Read this if you own any U.S. stocks (especially if you’re not American)



Today I'm sharing an article from - http://truewealthpublishing.activehosted.com/index.php?action=social&chash=0f49c89d1e7298bb9930789c8ed59d48.367



Die, and the U.S. government could confiscate
40 percent of your portfolio…
Even if you aren't American!
By Tama Churchouse

"Nothing is certain except death and taxes"
- Benjamin Franklin 


We don't spend too much time worrying about taxes here in Hong Kong.

Hong Kong is one of the most tax friendly major business centres in the world.

The maximum total income tax rate you can pay, for example, is 15 percent.

A married father of two earning US$200,000 a year will pay roughly 11 percent in income tax after allowances.


As for the paperwork? Well, your salary tax form is just four pages of A4 paper.

Being born and bred here, I have to say, I sympathise with folks in places like the U.S. and Europe, given all the tax complications they have to deal with.

The annual nightmare that our U.S. subscribers go through filing their returns is particularly painful, I'm told.

In our own business and personal investments at the office here, we also try to avoid "touching" the U.S. tax system in any way.

What can I say? It's just expensive… in terms of both time and money.

But going back to that famous quote from American Founding Father Benjamin Franklin about those two certainties… death and taxes.



In many parts of the world, death is your government's final opportunity to take one last slice of whatever pie you leave behind.

And it can be a significant slice.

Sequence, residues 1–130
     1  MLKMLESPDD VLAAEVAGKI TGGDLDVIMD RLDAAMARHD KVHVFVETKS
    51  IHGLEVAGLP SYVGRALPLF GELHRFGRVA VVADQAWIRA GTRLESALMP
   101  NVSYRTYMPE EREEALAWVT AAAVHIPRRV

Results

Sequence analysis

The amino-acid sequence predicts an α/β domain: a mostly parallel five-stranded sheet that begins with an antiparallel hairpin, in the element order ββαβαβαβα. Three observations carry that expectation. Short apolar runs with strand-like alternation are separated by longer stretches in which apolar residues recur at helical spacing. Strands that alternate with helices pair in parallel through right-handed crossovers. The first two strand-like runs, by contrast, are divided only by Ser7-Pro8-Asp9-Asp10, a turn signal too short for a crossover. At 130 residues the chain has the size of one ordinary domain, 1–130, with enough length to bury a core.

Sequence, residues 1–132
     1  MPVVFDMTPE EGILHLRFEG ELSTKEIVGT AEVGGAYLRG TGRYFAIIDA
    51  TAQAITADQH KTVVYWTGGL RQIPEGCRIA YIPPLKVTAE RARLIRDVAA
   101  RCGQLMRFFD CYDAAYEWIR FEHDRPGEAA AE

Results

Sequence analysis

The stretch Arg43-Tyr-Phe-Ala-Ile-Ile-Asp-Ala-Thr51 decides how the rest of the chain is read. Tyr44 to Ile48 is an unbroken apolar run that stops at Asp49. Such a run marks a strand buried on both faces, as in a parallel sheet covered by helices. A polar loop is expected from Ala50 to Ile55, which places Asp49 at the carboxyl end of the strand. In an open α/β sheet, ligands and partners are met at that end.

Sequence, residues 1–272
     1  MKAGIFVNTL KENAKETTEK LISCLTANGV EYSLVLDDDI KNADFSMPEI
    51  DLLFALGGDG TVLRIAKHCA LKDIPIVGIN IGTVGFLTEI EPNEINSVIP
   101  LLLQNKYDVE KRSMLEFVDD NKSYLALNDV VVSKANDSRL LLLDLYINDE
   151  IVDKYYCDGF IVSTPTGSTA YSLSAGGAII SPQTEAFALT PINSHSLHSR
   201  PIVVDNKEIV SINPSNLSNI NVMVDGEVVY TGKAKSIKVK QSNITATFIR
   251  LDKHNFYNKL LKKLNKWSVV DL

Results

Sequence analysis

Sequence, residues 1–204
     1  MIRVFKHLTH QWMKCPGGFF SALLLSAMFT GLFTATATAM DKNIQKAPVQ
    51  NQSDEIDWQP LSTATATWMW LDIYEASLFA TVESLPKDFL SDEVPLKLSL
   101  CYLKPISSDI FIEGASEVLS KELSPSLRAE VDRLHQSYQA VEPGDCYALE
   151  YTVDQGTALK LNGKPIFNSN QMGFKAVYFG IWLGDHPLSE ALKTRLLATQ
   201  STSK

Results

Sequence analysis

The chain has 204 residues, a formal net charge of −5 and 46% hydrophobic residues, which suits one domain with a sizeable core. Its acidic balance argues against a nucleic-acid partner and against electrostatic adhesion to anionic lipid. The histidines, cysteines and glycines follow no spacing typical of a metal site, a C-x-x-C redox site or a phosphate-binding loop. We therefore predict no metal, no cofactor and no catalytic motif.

I'm talking about Death Duty, or its more pleasant-sounding synonym, Estate Tax.

You may be thinking this is irrelevant for you. Maybe you live in a country that doesn't have any estate tax.

Well, keep reading, because I'm going to explain to you how you might legally be facing a large estate tax you know absolutely nothing about.



Estate Taxes are not a new phenomenon. They go back nearly 3,000 years. In fact, as early as 700 B.C. in Egypt, there appears to have been a 10 percent tax on the transfer of property upon death.

In the U.S., taxing assets upon death was introduced with the Stamp Act of 1797.

For the next couple hundred years, estate taxes were levied temporarily and then repealed, mainly to finance wars.

In 1916, the Revenue Act introduced the modern-day income tax and also created the foundation of today's estate tax.

Again, you may be thinking "who cares? I'm not a U.S. citizen."

Me neither. But answer this simple question: Do you own more than US$60,000 in U.S. stocks?

If the answer is YES, then you are technically liable to pay U.S. estate taxes of up to 40 percent on those assets upon death



This tax applies to you regardless of whether you're a U.S. citizen or not. 

Don't believe me? Get it straight from the horse's mouth, or the IRS's website, by clicking here

Specifically, it says (my highlights):
"Deceased nonresidents who were not American citizens are subject to U.S. estate taxation with respect to their U.S.-situated assets."

"U.S.-situated assets include American real estate, tangible personal property, and securities of U.S. companies. A nonresident's stock holdings in American companies are subject to estate taxation even though the nonresident held the certificates abroad or registered the certificates in the name of a nominee."

On top of this, it states: 
"Executors for nonresidents must file an estate tax return if the fair market value at death of the decedent's U.S.-situated assets exceeds $60,000."

So your threshold is a mere US$60,000. After that, 40 percent of everything else is payable to the U.S. government – thank you very much.

That's a lot more Estate Tax than U.S. citizens pay!

There are exemptions of course. Nothing that involves U.S. tax is simple. Several countries with their own estate taxes have "Death Tax Treaties" with the U.S. government.

And, of course, your U.S. Treasury bond holdings aren't liable to estate tax.

Let's be honest, Uncle Sam needs you to keep lending him money.